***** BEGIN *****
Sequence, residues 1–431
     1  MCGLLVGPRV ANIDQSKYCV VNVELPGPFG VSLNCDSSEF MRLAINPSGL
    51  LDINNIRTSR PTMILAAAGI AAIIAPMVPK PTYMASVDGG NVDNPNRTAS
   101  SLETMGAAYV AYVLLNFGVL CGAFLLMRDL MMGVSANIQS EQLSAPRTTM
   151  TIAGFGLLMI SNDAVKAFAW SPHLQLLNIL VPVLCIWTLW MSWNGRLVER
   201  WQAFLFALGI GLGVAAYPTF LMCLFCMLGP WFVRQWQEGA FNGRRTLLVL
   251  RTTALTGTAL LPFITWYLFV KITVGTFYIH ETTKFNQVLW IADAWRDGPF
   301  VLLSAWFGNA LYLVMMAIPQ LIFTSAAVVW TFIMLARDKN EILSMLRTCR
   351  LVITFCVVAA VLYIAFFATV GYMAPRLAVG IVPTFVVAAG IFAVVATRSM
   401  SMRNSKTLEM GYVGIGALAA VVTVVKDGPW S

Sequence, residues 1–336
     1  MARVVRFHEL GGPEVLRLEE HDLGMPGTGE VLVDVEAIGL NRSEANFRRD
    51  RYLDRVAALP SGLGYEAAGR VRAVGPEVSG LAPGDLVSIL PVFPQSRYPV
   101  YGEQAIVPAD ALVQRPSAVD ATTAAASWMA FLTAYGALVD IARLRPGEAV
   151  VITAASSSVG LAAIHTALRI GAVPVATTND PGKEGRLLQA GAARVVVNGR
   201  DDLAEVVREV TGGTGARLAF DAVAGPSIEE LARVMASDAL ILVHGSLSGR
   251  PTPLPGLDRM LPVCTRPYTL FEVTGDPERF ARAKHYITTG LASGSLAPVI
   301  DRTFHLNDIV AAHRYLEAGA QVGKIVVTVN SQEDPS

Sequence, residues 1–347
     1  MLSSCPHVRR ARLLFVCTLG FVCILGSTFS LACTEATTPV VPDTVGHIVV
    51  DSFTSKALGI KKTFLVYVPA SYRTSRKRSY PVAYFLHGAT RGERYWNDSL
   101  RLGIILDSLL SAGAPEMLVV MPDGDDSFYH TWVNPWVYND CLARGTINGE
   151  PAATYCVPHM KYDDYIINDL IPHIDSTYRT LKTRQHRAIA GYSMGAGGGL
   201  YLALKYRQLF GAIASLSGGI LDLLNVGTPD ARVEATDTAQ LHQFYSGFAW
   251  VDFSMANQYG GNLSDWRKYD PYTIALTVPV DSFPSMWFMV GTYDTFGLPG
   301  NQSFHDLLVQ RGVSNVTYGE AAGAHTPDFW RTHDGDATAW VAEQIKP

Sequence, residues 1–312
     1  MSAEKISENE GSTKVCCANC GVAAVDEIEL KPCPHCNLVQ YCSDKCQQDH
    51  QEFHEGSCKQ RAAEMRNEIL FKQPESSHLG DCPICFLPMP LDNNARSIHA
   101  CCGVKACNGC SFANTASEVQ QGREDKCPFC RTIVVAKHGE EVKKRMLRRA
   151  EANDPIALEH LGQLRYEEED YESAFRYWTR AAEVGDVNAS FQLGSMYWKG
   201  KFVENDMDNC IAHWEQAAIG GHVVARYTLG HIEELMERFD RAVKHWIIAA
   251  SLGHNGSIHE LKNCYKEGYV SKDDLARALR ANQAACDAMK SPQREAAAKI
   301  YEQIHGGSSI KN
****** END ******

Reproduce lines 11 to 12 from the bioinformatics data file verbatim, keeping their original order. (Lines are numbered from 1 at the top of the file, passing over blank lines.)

Sequence, residues 1–336
     1  MARVVRFHEL GGPEVLRLEE HDLGMPGTGE VLVDVEAIGL NRSEANFRRD